What have you read about Detroit recently? Perhaps it’s that the United Nations criticized the local water policy, or an article in the New York Times that highlighted “glimmers of hope” (yet referenced only a few of Detroit’s entrepreneurs, to the chagrin of some readers). There is more to these stories: Detroit has a diverse, global community of young innovators hustling to help the city reinvent itself.

More than 60 of these innovators, from the World Economic Forum’s Global Shapers Community, descended upon Detroit for the inaugural SHAPE North America conference. The gathering took the form of a collaborative exploration of Detroit’s challenges and opportunities, and culminated in a rapid-fire hackathon.

The local Detroit Hub of the Global Shapers community gave the gathering its theme, A City Revolution: Built to Last, and implored visiting Shapers to integrate Detroit’s tale of caution – why we should adapt to changing times – with the optimism, boldness and entrepreneurial spirit central to the city’s effort to reinvent itself.

The media might paint Detroit’s story as unique, but many cities share similar struggles. A sluggish economy, historic unemployment, disillusioned voters and civic unrest are presenting challenges worldwide. This was the point of the ShapeNA hackathon: to forge ideas that Shapers could pilot not just in Detroit but in their home cities as well. Read on to discover the top five proposals to emerge, starting at number five.

5: I’m So Turned Off. Like cities worldwide, Detroit faces enormous budget challenges. Yet some expenses are allowed to run almost entirely unchecked. From 1978-2005, appliances and electronics nearly doubled in their proportion of total energy consumption worldwide, with cities driving the rise. I’m So Turned Off is an open-source software project that would partner up IT departments across companies and cities to eliminate idle electricity consumption from electronics and vampire appliances.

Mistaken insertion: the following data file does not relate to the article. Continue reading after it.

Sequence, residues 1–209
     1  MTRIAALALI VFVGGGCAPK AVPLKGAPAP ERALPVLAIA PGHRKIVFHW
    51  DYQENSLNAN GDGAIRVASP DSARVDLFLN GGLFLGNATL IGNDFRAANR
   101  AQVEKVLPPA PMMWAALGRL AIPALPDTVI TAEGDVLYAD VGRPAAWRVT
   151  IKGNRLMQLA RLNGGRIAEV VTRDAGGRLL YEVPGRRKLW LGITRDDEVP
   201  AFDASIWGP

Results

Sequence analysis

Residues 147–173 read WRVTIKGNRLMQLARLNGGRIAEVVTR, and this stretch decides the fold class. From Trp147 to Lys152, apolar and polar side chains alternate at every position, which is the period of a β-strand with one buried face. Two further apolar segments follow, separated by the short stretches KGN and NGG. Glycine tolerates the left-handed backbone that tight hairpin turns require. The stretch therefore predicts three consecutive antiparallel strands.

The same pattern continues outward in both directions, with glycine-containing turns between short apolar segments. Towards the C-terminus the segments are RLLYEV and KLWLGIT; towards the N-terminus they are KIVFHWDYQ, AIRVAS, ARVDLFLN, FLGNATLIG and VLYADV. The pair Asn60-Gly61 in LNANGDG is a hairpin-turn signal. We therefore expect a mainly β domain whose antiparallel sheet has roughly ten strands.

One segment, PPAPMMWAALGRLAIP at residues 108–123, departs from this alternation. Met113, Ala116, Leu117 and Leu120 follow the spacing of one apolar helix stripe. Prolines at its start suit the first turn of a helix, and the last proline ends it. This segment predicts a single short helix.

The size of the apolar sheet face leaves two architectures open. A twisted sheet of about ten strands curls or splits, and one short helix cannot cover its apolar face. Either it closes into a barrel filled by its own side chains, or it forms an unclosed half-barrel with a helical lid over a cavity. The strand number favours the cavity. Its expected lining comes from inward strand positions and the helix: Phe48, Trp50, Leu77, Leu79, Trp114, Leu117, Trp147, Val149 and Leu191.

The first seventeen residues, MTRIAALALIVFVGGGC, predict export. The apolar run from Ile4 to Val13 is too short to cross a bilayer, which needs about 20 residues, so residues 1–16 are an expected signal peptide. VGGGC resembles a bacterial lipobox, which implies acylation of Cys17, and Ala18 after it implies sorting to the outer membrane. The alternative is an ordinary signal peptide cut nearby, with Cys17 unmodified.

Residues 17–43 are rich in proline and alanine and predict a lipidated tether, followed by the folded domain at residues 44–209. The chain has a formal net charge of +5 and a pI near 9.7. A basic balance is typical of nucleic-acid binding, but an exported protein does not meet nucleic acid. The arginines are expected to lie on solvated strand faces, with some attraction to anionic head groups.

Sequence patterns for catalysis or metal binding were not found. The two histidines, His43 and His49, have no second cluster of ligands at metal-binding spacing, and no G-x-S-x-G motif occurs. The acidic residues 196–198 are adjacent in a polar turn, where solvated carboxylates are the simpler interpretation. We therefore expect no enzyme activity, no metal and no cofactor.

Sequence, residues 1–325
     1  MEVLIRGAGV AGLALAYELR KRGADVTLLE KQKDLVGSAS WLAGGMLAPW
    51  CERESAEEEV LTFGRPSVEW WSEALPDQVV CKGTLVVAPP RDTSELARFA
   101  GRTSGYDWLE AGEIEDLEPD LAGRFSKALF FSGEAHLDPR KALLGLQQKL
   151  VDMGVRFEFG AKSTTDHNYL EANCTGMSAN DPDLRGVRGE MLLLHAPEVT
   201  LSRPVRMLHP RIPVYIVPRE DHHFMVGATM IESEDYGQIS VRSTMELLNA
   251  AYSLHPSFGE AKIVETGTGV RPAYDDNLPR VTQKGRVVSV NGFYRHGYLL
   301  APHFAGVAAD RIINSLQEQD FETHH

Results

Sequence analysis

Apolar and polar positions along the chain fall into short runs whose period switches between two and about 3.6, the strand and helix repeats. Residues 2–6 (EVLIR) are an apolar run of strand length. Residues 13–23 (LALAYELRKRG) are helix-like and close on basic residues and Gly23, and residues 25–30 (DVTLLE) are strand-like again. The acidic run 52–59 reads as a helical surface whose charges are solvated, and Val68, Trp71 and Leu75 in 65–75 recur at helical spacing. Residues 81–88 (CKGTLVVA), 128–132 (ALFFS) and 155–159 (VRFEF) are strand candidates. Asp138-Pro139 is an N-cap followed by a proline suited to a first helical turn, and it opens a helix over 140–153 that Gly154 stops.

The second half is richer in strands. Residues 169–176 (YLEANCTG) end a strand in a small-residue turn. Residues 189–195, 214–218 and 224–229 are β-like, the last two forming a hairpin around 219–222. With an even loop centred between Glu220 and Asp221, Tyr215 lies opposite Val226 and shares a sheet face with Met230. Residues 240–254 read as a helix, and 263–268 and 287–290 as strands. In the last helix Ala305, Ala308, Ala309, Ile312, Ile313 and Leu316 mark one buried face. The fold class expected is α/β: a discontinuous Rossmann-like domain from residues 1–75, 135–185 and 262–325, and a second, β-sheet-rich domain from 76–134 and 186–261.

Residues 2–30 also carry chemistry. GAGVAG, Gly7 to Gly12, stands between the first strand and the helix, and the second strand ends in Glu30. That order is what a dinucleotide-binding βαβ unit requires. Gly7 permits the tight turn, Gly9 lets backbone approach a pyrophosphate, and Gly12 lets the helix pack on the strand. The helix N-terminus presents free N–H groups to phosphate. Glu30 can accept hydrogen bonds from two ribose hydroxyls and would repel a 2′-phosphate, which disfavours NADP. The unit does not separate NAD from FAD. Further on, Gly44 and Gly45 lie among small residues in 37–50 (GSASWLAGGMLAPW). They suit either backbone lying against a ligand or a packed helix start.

4: If Your City Could Speak. This photographic “shootback” invites people to share what their city would say if it could speak. Using recyclable film cameras distributed according to city demographics (age, gender, culture, etc.), participants curate photos that highlight the city – its strengths, weaknesses, areas needing attention. With 24 photos per camera and one camera for each of the 100 participants, each city would collect 2,400 “data points”. The project would offer a crowd-sourced needs assessment for activists, innovators and disruptors, while raising public awareness through gallery displays.

3: Participatory philanthropy. Non-profits are a growing industry in the US; there are 1.5 million in total – almost one for every 200 citizens. Similar duplication of effort by the government prompted districts such as Halifax to launch participatory municipal budgeting, in which citizens vote for five projects they think the city should sponsor. (The requirement for each voter to submit five nominations is designed to raise awareness and prevent a single initiative from sweeping the polls.) A similar model based on a scalable open-source software platform prepared by Global Shapers can help charitable organizations better engage civil society and their constituencies while maximizing alignment between resources, issues and solutions.